The housing market can change month to month—whether it's a "buyer's market" or a "seller's market" can depend on the time of year, where you live and the style of home for which you're looking. When it comes to navigating a market that is more predisposed to sellers, there are small steps you can take to stay competitive and secure your dream home.
Here are five tips for buying a home in a seller's market.
When it's a seller's market, the most desirable houses can sell rather quickly. Desirable doesn't necessarily mean "best" or "fanciest" as much as "budget-friendly." Houses in the first-time homebuyer range, for example, might be among the first to be sold. That's another reason why having your financing in order before you start shopping for properties is so important. Make sure you secure a preapproval from your participating lender of choice—it will save some disappointment when a more prepared buyer purchases a home in which you were interested.
In a buyer's market, your ability to negotiate is probably greater—you might be able to ask for fixes and upgrades to the property to sweeten the deal for yourself, and the seller may be in the position to make them happen, especially if the property has been on the market for a while. In a seller's market, you don't always have this luxury. To improve your chances of winning a bidding war for a home you really want, be reasonable about your demands—skip aesthetic fixes that you can do yourself, and concentrate on the foundational, structural repairs that would require a contractor or repair service to fix.
When it comes to negotiating a purchase price, your instinct might be to reserve your truly best offer until the last stage of the bidding process. However, in a seller's market, if you find a home you're particularly interested in—and one that perhaps other buyers are likely to bid on—don't be afraid to submit your best offer. (Now, this isn't an excuse to submit an offer for more than your budget is truly comfortable paying, but a best offer can help to fend off low-ball offers from other buyers.)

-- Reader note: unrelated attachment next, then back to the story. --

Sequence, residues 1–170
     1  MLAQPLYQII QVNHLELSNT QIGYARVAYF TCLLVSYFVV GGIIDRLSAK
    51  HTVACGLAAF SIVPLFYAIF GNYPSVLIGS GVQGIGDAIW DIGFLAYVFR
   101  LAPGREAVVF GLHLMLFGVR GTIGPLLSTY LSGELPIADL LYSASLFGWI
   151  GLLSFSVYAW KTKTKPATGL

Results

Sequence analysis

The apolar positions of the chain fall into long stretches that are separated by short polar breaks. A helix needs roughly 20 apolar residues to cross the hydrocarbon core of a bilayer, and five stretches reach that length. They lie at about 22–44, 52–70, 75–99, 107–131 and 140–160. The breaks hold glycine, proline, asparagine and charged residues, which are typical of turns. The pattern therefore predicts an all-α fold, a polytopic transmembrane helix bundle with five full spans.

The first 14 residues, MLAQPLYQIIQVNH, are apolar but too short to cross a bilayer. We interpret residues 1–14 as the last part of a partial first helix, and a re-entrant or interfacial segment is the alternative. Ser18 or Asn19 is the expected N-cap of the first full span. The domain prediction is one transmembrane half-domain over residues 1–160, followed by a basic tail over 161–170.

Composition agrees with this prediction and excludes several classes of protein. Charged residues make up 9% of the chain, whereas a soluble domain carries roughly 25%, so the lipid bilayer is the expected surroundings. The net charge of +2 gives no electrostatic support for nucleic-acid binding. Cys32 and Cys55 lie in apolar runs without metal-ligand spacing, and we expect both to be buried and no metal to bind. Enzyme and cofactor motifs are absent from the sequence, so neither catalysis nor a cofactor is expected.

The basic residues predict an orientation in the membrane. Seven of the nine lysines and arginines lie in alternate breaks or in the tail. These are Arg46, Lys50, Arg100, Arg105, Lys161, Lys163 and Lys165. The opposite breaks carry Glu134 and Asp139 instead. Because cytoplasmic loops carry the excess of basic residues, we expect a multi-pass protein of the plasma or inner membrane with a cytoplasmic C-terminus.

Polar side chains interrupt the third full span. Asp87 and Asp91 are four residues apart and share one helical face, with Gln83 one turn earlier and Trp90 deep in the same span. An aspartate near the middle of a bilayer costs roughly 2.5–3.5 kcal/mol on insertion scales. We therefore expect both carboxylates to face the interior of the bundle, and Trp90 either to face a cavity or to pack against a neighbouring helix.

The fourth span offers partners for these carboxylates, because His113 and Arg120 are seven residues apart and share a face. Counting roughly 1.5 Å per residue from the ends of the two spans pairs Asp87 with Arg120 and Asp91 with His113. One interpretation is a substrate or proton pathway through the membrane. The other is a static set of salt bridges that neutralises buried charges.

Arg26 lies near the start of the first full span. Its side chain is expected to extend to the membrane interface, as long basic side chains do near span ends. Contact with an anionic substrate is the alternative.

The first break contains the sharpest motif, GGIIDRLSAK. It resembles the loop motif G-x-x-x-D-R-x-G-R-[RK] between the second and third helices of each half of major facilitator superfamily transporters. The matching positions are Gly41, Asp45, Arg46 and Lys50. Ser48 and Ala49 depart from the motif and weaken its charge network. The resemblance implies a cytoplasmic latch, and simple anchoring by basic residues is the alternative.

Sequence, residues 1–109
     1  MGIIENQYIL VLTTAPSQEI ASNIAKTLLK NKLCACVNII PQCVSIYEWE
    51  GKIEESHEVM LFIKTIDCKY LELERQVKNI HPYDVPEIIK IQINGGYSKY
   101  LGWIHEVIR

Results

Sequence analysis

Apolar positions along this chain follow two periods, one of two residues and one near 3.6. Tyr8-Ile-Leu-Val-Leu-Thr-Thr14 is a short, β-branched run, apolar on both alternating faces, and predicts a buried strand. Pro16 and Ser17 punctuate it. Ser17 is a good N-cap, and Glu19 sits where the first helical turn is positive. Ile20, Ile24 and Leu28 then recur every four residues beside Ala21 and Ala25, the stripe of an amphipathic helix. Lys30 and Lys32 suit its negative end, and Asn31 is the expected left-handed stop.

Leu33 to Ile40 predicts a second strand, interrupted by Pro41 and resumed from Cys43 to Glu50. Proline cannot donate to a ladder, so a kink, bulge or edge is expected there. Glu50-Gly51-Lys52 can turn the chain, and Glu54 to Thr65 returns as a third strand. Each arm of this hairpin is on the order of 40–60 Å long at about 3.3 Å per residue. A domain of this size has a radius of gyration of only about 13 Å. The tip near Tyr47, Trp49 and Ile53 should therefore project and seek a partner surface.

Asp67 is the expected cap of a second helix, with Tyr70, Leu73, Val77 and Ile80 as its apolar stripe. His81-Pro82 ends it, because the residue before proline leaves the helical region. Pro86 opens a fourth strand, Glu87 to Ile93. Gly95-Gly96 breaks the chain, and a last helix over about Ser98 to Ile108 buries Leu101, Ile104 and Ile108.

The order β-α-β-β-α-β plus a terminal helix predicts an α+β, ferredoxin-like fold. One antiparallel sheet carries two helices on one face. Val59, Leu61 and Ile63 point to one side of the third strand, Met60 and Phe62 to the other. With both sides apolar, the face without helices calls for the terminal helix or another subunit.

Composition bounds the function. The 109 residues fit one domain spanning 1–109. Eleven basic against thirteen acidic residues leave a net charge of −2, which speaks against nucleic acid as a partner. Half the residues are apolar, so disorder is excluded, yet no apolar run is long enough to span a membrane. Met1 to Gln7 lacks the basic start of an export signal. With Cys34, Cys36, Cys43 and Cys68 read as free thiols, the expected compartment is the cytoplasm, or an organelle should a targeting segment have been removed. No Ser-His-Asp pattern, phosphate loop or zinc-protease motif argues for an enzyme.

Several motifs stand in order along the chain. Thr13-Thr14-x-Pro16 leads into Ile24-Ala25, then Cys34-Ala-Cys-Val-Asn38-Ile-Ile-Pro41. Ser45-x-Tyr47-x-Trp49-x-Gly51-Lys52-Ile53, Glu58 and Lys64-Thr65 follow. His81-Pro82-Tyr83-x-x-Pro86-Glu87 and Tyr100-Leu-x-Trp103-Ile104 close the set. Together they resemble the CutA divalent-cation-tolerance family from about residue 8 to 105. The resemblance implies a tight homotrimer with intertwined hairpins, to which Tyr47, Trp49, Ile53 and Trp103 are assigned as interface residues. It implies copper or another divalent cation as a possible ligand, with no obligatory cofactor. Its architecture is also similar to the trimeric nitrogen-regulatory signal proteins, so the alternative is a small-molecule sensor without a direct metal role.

Real Estate Agent
Homebuying doesn't always happen on your schedule—it can often happen during your work day. In that regard, you need a real estate agent who is dedicated to fast responses. Your agent should be experienced and be ready to represent you even when you're not available in person. Keep the lines of communication open with your agent so you're able to exchange information even when you're not able to talk face to face—extend the option to text, email or video chat, in addition to standard phone calls. When a quick decision needs to be made, it pays to have a knowledgeable agent.
Depending on the seller's living situation, if the property in question is currently owner-occupied, being accommodating about the move-in date can go a long way. Offer to close and move in on the seller's timeline—make it clear that you're graciously letting them identify the dates. This gesture could make the owners more likely to work with you, whatever your offer, if they're under a strict moving schedule.